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History of Philosophy|
The Peripatetic School
by Turner, William (S.T.D.)
|Sources. Besides our primary sources, consisting of
treatises and commentaries of the philosophers of Aristotle's school,
we have, as secondary sources, the works of Diogenes Laertius and the
references made by Cicero, who, it should be said, is more trustworthy
when he mentions the Peripatetics than when he speaks of the
Theophrastus of Lesbos was born about the same year as
Aristotle. He seems to have become Aristotle's disciple even before the
death of Plato. After Aristotle's death he ruled the Peripatetic school
as scholarch for about thirty-five years. He wrote many works, of which
the best known are two treatises on botany and his Ethical
Characters, the latter consisting of lifelike delineations of types
of human character. He extended and completed Aristotle's philosophy of
nature, devoting special attention to the science of botany. In
his ethical doctrines he insisted on the choregia secured to
virtue by the possession of external goods. 
 Cf. Cic., Tusculanae Disputationes, V, 8.
Of the life of Eudemus of Rhodes little is known except that he
and Theophrastus were disciples of Aristotle at the same time. It is
probable that he continued to belong to the school
when Theophrastus became scholarch. He is the author of the Eudemian
Ethics, which, however, is merely a redaction of Aristotle's notes, or
at most a treatise intended to supplement Aristotle's Nicomachean
Ethics.  In his writings and doctrines Eudemus shows far less
originality and independence than does Theophrastus.
 Cf. Zeller's Arist., etc., Vol. I, p. 97, n.
Aritoxenus of Tarentum, known as the Musician, introduced
into the Peripatetic philosophy many of the ideas of the Pythagoreans,
attaching especial importance to the notion of harmony.
Strato of Lampsacus, the Physicist, succeeded
Theophrastus as scholarch in 288 B.C., and continued to preside over
the school for eighteen years. Like his predecessor, he devoted his
attention to the study of nature, manifesting, however, a
tendency to discard from natural philosophy the teleological concept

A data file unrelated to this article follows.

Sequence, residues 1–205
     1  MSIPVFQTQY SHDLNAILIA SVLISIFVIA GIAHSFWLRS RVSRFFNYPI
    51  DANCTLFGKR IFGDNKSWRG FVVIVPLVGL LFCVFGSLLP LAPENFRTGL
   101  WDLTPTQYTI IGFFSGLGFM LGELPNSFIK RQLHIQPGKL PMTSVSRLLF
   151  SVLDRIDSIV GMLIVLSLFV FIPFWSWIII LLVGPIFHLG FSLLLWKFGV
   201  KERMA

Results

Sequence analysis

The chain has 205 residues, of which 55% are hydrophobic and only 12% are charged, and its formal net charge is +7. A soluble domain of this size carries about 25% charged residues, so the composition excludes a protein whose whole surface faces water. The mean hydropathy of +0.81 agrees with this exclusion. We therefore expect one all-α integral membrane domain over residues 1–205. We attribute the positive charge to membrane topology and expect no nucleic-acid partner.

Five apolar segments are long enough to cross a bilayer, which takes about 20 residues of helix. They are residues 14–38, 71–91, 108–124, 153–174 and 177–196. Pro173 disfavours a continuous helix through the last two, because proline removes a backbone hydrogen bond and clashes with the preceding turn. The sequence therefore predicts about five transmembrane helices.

and the idea of the incorporeal.
Demetrius of Phalerus and others of the earlier Peripatetics
confined their literary labors to general history and the history of
Among the later Peripatetics mention must be made of Andronicus of
Rhodes, who edited the works of Aristotle (about 70 B.C.). To the
second century of our era belong Alexander of Aphrodisiae, the
Exegete, and Aristocles of Messene. To the third century
belongs Porphyry, and to the sixth century Philoponus and
Simpliclus. All these, though they belonged to Neo-Platonic or
Eclectic schools, enriched the literature of the Peripatetic school by
their commentaries on Aristotle. The physician Galen, born about
131 A.D., is also reckoned among the interpreters of Aristotle.
Retrospect. The second period of Greek philosophy has been
characterized as subjectivo-objective. Compared with the
preceding period, it is subjective, -- that is, it diverts the mind of
the inquirer from the problems of nature to those of thought. Compared
with the period immediately following, it is objective, -- that is, it
is not concerned solely with ethical problems and
the problems of the value of knowledge; it is not wholly subjective.
Historically the period is short, not extending over more than three
generations. Yet in that brief space of time much was accomplished. It
is, perhaps, because the period was so short, and because it was
dominated by three men, each of whom stood to his predecessor in the
relation of personal disciple, that there exists so perfect an organic
unity among the philosophies of Socrates, Plato, and Aristotle. The
philosophy of Socrates was the philosophy of the concept, -- it was
concerned with the inquiry into the conditions of scientific knowledge
and the basis of ethics. The philosophy of Plato was the philosophy of
the Idea, -- it claimed to be a scientific study of reality, a system
of metaphysics. The philosophy of Aristotle was centered around the
notion of essence, and essence implies the fundamental dualism of
matter and form. It is in Aristotle's philosophy, therefore, that the
objective and subjective are united in the highest and most perfect
synthesis; for organic unity is compatible with growth in organic
complexity. The concept is the simplest expression of the union of
subject and object; next in complexity is the Idea, which is a form of
being and knowing existing apart from what is and what is known, while
highest in complexity is the essence, which is in part the matter and
in part the form existing in the reality and also in the object of
knowledge. From Socrates to Aristotle there is, therefore, a true
development, the historical formula of which is ideally compact, --
concept, Idea, and essence.